Last Updated May 4, 2018 4:03 PM EDT
If Elon Musk has any regrets aboutin a call this week to discuss Tesla's latest earnings, it's not showing up in his Twitter feed.
The quirky entrepreneur took to social media on Friday to defend his combative performance, in which he rebuked analysts for asking "boring, bonehead" questions about the electric car maker. Tesla shares, taking billions off the company's market value.
Despite a slew of headlines highlighting his unusual remarks, which strayed from the usual generally civil exchanges between corporate executives and investment pros, Musk is doubling down. On Twitter, he alluded to Wall Street analysts he claims are "trying to justify their Tesla short thesis," a reference to investors who bet against a company's stock.
Both analysts snubbed by Musk -- RBC Capital Markets' Joseph Spak and Bernstein's Toni Sacconaghi -- have a "hold" or equivalent rating on Tesla shares, rather than a "sell" rating.
During Wednesday's call, Spak asked about customer reservations for the Model 3 sedan, while Sacconaghi wanted to know about Tesla's capital requirements. Tesla has burned through billions in cash as it battles to hit production targets for the Model 3, the vehicle the company is counting on to crack the broader auto market.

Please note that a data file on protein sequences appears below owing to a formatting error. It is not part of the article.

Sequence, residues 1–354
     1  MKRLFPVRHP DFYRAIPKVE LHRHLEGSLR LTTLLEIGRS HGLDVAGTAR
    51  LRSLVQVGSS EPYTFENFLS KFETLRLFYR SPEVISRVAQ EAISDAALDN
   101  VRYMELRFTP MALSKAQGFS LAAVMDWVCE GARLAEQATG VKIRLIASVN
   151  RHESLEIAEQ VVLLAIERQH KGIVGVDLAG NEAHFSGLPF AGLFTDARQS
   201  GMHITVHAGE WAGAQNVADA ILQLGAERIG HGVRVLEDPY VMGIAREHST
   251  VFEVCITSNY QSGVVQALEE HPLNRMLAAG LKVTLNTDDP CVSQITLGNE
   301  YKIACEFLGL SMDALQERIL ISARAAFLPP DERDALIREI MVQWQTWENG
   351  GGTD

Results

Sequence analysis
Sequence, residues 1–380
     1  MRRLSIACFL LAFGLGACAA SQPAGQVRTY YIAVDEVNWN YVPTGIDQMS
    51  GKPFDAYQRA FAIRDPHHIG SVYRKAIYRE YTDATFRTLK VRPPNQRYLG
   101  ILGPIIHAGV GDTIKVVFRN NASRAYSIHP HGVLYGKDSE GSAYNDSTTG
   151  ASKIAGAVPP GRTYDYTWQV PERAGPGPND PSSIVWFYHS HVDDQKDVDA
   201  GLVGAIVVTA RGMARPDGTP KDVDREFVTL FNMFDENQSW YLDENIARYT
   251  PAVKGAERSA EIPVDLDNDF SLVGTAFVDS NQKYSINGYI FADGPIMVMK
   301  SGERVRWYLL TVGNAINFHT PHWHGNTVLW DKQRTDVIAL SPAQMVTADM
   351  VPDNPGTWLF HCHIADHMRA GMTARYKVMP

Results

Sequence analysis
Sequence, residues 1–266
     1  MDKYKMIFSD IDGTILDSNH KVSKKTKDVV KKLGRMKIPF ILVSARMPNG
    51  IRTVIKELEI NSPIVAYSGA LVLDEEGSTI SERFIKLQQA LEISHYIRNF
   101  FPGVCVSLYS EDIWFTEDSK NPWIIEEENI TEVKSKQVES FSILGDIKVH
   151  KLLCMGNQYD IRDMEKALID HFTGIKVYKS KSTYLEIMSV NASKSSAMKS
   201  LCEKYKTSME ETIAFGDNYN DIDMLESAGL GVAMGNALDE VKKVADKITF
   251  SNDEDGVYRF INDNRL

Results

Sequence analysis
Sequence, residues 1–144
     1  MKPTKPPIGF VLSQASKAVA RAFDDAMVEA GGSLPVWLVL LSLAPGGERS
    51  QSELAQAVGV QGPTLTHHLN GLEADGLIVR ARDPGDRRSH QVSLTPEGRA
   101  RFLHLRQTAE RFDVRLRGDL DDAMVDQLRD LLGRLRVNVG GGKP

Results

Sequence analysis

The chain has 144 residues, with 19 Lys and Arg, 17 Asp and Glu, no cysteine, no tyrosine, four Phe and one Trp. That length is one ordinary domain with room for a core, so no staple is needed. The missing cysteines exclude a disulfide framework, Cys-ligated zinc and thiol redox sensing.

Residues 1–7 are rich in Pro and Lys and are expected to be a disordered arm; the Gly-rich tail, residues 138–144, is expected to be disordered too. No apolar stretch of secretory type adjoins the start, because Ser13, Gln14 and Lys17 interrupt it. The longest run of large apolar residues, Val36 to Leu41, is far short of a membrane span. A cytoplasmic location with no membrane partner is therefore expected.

The questions were "neither valid nor pertinent," Musk tweeted, urging people to ignore the thread unless they were interested in "a tedious discussion about Tesla stock."
Sacconaghi fired back at Musk Thursday, telling CNBC: "This is a financial analyst call, this is not a TED talk."
Musk got a warmer reception among his Twitter base, with one fan defending him as one who "cares more about the world and making it a clean place without help from corrupt Wall Street."
Wall Street weighed in by putting a halt to its recent hammering of Tesla -- its shares rose nearly 4 percent in afternoon trade.
The exchange with analysts wasn't Musk's only display of testiness of late. He also recently hung up on Washington's top transportation accident investigator, Bloomberg News reports. The phone call occurred when the National Transportation Safety Board chair called to reprimand Musk for blog posts about a fatal Tesla crash still under investigation by the NTSB.